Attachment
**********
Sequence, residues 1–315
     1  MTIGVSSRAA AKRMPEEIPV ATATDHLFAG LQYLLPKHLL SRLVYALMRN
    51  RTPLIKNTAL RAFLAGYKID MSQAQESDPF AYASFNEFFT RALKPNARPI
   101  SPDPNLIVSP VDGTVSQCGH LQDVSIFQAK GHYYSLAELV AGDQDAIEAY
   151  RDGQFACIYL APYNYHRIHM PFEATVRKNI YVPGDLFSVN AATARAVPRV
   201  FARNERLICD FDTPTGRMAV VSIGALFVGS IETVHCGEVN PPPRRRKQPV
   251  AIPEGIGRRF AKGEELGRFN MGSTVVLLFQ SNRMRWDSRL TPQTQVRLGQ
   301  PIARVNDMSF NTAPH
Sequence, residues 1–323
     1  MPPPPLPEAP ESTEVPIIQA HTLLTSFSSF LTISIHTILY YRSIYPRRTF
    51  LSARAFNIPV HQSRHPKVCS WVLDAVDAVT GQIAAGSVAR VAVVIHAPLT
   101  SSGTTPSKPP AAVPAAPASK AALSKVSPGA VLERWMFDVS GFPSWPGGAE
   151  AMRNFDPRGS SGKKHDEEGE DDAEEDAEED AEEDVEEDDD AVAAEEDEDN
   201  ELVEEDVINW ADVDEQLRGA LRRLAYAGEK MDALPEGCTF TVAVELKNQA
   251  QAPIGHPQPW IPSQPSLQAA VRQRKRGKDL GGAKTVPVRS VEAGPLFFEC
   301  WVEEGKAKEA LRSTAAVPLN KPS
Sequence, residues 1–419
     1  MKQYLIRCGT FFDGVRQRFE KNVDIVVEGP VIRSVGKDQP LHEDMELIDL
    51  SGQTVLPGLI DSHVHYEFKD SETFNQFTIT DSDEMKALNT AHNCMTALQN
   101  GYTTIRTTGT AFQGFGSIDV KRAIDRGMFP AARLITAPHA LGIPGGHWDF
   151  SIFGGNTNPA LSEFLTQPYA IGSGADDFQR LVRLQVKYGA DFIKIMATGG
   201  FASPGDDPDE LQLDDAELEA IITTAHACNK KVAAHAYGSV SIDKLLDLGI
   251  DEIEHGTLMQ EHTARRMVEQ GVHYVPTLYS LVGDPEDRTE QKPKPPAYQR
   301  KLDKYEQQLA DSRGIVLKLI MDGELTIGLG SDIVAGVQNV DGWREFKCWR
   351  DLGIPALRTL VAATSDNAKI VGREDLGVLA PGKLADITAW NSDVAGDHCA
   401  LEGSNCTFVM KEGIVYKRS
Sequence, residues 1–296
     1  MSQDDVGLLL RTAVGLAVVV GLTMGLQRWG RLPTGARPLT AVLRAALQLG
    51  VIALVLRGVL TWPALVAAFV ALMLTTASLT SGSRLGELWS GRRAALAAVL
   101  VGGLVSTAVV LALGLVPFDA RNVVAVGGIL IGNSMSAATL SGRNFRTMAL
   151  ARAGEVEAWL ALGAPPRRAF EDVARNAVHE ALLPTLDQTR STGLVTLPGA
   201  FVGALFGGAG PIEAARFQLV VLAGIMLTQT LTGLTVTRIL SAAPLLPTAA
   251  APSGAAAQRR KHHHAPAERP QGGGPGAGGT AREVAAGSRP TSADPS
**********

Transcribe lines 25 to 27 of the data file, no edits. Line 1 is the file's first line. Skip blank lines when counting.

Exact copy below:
   351  DLGIPALRTL VAATSDNAKI VGREDLGVLA PGKLADITAW NSDVAGDHCA
   401  LEGSNCTFVM KEGIVYKRS
Sequence, residues 1–296